“We started 12 Tides to find a better way for our food system to intersect with our oceans,” Lindsey Palmer said.
When Palmer cofounded 12 Tides with Pat Schnettler, they wanted to address some of the dire challenges facing the ocean — coastline destruction, pollution and overfishing. As an avid diver and someone who spent years in the commercial seafood industry, Schnettler had first-hand experience with these negative impacts of our food system on the ocean. Together, they decided that the future of food was indeed in the ocean and that it needed to start with kelp.
According to the National Park Service, kelp is a large brown algae seaweed that usually grows in undersea forests along rocky shorelines. It grows quickly in nutrient-rich, cold and clear waters.
California’s natural kelp forest, off the coast of the Channel Islands, is one of the most important and well-known kelp forests in the world. They’ve declined up to 90%. 12 Tides
“Kelp rocks for so many reasons!” Schnettler explained. “Kelp forests are vital ecosystems that provide food and shelter to a number of marine species — rockfish, sheepshead fish, sea stars, sea otters, harbor seals and shellfish to name a few.” Additionally, kelp forests protect our coastlines from erosion and storm surges by buffering wave energy, he said.
Kelp also acts as a “huge carbon sink,” Schnettler said. Kelp removes up to 20 times more carbon dioxide from the atmosphere than land-based forests, he added. That means foods made from kelp help fight climate change because the seaweed sequesters atmospheric carbon as it grows. Therefore, kelp is considered one of the foods of the future that could help to combat food insecurity while boosting the growing blue economy and saving the planet.
And finally, as a food source, kelp is incredibly nutrient-dense because it absorbs a lot of the great vitamins and minerals that occur naturally in the ocean, Schnettler said.
Pat Schnettler, 12 Tides’ cofounder, with kelp. 12 Tides
Because kelp addresses many of the ocean issues that bothered Palmer and Schnettler, they created a company to feed people using the seaweed. Sourcing their kelp from small-scale regenerative farmers in the U.S., their snacks are made from sugar kelp that is grown and processed by kelp farmers in Maine. The snacks are manufactured at a 12 Tides facility in San Francisco, CA.
Farming kelp is considered “regenerative” because kelp benefits the ocean environment around it. As a blue carbon sink, it also helps the ocean stave off warming and acidification.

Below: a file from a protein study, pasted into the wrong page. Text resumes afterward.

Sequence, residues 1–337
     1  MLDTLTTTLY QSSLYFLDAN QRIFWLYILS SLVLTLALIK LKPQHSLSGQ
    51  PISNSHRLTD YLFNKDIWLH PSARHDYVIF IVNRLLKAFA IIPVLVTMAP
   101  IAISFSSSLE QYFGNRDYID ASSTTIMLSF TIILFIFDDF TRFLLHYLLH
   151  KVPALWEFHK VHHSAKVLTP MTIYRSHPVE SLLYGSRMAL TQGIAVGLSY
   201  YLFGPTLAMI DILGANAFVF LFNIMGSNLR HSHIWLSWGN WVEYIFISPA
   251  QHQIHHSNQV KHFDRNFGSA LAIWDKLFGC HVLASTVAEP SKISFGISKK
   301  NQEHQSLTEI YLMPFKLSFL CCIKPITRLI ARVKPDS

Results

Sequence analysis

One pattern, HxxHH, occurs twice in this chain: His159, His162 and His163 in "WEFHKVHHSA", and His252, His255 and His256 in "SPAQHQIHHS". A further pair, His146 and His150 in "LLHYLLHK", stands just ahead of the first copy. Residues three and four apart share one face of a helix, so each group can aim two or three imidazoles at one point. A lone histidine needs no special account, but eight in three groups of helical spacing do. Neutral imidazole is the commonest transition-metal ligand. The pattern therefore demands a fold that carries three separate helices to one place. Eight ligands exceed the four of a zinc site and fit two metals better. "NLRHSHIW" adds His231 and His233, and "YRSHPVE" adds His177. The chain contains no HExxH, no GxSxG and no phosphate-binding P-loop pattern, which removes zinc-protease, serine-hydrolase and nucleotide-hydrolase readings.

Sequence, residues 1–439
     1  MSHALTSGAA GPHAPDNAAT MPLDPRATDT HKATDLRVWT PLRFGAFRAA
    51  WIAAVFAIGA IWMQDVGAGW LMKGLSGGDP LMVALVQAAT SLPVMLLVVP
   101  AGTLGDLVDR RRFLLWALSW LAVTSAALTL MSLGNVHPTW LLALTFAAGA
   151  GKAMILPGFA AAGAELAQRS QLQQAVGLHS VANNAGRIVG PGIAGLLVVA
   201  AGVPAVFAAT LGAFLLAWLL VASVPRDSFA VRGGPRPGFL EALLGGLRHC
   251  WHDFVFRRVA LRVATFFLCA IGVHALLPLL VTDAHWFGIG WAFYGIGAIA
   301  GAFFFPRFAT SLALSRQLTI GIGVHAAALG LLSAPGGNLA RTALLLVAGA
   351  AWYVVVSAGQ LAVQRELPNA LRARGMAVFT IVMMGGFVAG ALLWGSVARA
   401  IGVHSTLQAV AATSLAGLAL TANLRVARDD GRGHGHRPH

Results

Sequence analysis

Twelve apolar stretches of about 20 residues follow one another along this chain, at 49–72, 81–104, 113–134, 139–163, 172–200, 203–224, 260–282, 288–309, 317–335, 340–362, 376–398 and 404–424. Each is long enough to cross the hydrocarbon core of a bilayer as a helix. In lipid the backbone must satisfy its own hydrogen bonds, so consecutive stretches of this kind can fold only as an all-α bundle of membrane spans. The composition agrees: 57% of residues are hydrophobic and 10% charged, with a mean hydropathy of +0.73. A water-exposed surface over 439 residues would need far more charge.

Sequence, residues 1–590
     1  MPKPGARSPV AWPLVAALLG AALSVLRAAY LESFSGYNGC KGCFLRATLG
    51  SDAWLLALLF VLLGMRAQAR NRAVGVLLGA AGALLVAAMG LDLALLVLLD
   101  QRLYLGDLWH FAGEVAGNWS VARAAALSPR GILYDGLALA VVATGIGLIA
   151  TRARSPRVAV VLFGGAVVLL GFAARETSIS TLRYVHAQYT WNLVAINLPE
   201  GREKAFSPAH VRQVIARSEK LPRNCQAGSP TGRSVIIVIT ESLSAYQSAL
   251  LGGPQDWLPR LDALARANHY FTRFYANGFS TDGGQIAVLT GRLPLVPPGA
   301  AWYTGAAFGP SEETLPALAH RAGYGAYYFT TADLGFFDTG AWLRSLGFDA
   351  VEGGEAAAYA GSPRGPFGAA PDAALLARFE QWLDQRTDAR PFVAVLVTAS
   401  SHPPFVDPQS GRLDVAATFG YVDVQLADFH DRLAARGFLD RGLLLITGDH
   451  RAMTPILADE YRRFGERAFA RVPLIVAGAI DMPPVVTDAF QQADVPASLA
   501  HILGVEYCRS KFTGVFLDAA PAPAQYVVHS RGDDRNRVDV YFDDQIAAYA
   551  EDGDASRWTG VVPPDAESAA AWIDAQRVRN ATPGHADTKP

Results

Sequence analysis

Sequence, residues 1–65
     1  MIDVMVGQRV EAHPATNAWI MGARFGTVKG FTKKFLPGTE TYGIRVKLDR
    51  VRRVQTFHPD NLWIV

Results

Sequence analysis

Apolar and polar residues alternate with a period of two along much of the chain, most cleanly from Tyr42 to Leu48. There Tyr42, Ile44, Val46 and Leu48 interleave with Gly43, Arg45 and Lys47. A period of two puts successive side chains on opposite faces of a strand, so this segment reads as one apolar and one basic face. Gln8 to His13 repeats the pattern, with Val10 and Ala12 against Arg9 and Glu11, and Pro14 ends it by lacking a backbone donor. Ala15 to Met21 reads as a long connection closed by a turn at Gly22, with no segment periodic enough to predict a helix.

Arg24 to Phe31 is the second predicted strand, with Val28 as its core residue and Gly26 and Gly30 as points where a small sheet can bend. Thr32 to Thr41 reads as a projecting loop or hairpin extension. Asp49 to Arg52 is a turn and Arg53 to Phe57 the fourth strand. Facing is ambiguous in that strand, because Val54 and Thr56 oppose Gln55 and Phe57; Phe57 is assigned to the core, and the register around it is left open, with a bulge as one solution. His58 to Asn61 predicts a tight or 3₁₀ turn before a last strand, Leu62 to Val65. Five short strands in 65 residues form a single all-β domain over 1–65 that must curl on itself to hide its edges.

As a food crop, it is “zero-input” — meaning it requires no arable land, freshwater, fertilizers or pesticides, Schnettler said.
It’s truly an ocean-based food that is “ocean-positive,” Palmer told EcoWatch.
Kelp farming as an industry also has a “tremendously positive impact” on the small-scale farmers that 12 Tides works with and the coastal communities they live in, the founders added.
12 Tides was the first company in the world to make regenerative organic kelp chips, a food that recently won the 2021 NEXTY Award for best new organic snack. The flavor is “umami-forward” with a “satisfying crunch” and unique texture, Schnettler said.
“We also appeal to people who aren’t traditionally seaweed fans,” he added. “We’ve heard time and time again that people who don’t like the taste of seaweed are pleasantly surprised after trying our snacks.”
Additionally, all 12 Tides products come in an industrially-compostable pouch to reduce plastic buildup in waterways and the ocean. They’re in the process of certifying a home-compostable bag that they hope to transition to in the future. Finally, 1% of their sales also contribute to SeaTrees, a nonprofit restoring vital kelp forests in Palos Verdes, CA. To date, they’ve helped restore 4,300 square feet of kelp in the area, which has lost as much as 90% of its natural kelp forests.
With their expansion, 12 Tides hopes to feed the planet kelp to ensure a better future for all.
Tiffany Duong is a writer, explorer and inspirational speaker. She holds degrees from UCLA and the University of Pennsylvania Carey Law School. As a contributing reporter at EcoWatch, she gives voice to what’s happening in the natural world. Her mission is to inspire meaningful action and lasting change. Follow her on Twitter/Instagram/TikTok @tiffmakeswaves.
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